This weekend, the Green Bay Packers became the first defending Super Bowl Champion since the 1998 Denver Broncos to go 12-0.

The Packers can clinch a first round bye in playoffs this weekend with a win or a Saints loss in Tennessee. Next on the list? Home field advantage throughout the NFC playoffs.

First obstacle is Oakland. Defense, a re you listening? I need to make this clear. It’s time to step it up, especially when you are ranked 31st in pass defense. Oakland is hungry to win, coming off a 34-14 loss to Miami and tied in first in the AFC West with Denver and a little thing called Tebow Time.

Key to this game: Stop Carson Palmer. Seems easy enough, right? Miami rolled over Oakland with ease. Raiders are 27th in scoring defense, allowing 25.7 points per game. The Packers offense averages 35 points per game and are 42 away from breaking the single-season franchise record of 461, which was set in 2009.

Aaron Rodgers is nothing if not surgical and precise, with only 5 INTs in the 12 games and insane QB ratings each week. Rodgers has 37 touchdown passes, third in the league with 3,844 passing yards and has the NFL-best 70.6 completion percentage.

Rodgers is one of three QBs (the others Unitas and Peyton Manning) to throw multiple touchdown passes in each of the first 12 games.

The problem for the Pack lies on the other side of the ball and on how Carson Palmer performs. The Pack defense allows 298.2 yards per game in passing. If Woodson is out because of the concussion he suffered last week, we will be hard pressed to defend the pass. If Darren McFadden is out for his sixth game, the Raiders have little to no running game and will depend heavily on the passing game. Another factor (and why I think Oakland will rely heavily on passing) is their statistics of the first 10 weeks vs. the last two games.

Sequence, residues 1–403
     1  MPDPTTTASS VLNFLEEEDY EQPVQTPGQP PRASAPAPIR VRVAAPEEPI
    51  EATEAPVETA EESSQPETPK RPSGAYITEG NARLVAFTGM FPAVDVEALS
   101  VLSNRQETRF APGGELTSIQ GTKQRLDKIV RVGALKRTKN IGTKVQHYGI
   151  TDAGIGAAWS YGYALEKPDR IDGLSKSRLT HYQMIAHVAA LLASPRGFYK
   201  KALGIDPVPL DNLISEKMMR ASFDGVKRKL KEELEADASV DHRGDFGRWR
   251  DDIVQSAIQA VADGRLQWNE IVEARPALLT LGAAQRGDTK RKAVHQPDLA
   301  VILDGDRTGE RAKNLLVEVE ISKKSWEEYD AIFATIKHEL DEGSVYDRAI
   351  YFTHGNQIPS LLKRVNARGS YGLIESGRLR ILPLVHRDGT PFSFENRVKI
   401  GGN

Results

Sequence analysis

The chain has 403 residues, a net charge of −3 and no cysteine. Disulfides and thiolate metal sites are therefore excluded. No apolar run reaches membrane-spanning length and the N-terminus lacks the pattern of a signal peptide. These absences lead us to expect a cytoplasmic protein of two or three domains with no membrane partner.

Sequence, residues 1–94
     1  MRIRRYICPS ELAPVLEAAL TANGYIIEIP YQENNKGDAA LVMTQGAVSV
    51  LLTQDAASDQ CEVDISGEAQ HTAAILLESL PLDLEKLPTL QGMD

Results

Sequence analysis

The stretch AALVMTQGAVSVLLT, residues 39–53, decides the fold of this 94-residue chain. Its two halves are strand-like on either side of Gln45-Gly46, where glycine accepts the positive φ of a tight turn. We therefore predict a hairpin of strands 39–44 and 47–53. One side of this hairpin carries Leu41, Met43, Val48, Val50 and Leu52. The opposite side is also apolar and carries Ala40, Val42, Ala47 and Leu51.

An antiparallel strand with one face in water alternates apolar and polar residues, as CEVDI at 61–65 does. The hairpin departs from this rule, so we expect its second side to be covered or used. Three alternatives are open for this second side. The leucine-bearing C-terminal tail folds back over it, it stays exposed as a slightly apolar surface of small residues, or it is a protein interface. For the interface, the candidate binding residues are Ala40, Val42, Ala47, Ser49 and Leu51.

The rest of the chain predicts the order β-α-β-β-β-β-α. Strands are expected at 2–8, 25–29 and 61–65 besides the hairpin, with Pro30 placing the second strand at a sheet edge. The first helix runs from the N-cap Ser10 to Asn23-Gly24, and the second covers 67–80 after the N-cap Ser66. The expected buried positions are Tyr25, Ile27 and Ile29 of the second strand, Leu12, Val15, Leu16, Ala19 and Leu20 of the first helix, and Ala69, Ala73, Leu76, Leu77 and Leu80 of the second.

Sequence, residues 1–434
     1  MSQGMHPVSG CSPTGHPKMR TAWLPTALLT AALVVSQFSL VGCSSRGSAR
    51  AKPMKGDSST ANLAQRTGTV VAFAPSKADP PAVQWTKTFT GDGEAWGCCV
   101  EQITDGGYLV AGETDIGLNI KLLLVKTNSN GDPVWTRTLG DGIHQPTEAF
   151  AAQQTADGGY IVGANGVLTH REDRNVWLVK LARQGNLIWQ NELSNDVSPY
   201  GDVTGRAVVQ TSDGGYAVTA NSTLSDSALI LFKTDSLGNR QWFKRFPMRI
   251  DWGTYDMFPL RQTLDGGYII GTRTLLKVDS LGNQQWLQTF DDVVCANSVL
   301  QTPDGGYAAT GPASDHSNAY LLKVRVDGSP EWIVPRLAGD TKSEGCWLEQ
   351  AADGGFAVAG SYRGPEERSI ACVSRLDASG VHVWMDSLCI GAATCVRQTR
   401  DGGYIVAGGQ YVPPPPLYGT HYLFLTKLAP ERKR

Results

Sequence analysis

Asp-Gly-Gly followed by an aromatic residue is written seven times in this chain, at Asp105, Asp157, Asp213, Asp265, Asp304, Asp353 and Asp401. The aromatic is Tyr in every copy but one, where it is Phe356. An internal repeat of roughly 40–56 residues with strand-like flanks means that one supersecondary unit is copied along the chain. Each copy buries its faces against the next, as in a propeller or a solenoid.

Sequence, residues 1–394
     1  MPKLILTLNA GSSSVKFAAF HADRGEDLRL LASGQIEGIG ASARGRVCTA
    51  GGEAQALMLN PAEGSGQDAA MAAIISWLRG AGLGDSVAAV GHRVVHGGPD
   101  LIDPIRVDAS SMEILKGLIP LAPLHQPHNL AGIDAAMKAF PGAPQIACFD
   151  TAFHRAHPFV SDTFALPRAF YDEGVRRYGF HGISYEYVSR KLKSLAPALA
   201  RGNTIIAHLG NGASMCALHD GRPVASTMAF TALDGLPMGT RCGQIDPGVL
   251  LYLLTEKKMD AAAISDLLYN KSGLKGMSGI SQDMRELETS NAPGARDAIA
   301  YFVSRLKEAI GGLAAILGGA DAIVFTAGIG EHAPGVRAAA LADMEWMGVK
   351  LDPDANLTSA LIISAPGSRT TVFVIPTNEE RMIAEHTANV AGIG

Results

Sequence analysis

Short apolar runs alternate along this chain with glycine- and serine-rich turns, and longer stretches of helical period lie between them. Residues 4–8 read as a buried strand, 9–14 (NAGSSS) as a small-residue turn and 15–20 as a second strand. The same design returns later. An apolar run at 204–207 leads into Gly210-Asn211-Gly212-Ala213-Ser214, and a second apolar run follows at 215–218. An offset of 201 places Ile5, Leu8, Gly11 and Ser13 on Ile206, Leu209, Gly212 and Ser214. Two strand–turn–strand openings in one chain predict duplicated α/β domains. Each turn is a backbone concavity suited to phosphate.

For the first 10 games, Oakland’s rushing average was around 156.8 yards per game and 4.8 yards per carry. In the past two games, it’s dropped to 59.5 yards and 2.9 yards per carry. GB excels at run defense, and I can’t imagine Oakland would attempt many run plays with McFadden out.  In addition to McFadden, Raiders have Ford and Moore out. With three key players on the sidelines, the offense has struggled, scoring only one touchdown in a win against Bears and starting the 4th quarter in Miami with a score of 34-0.

Against Miami, Palmer threw for 153 of his 273 yards in the fourth quarter. Oakland struggles with controlling the clock, so I expect the Pack to jump all over that. I can’t really see an Oakland win, but Carson Palmer might surprise me – especially if Wood is out and our defense completely collapses.

What do you think? And, if you mention the word “blueprint” in your comments, I’ll have Wally beat you up.



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  • Thad

    Just throwing it out there, but do you think that the Packers have gotten lucky with the teams they play in regards to injuries? Every week we play, it seems like a crucial starter is out for our opponent. Just putting it out there.

    • Lauren

      Interesting point, T – and not one I thought of.

      I think injuries can play into it, but as the Packers proved last year, it can be overcome.

  • KF

    Uh, the Raiders WILL run the ball. Michael Bush has put up big numbers ever since McFadden went down and might be the best backup RB in the league…

    • Lauren

      KF – thanks for stopping by to comment.

      My point was that based off numbers, where our pass defense is ranked, etc – Raiders would be smart to focus on the pass game.

  • Colleen

    Blueprint. ;)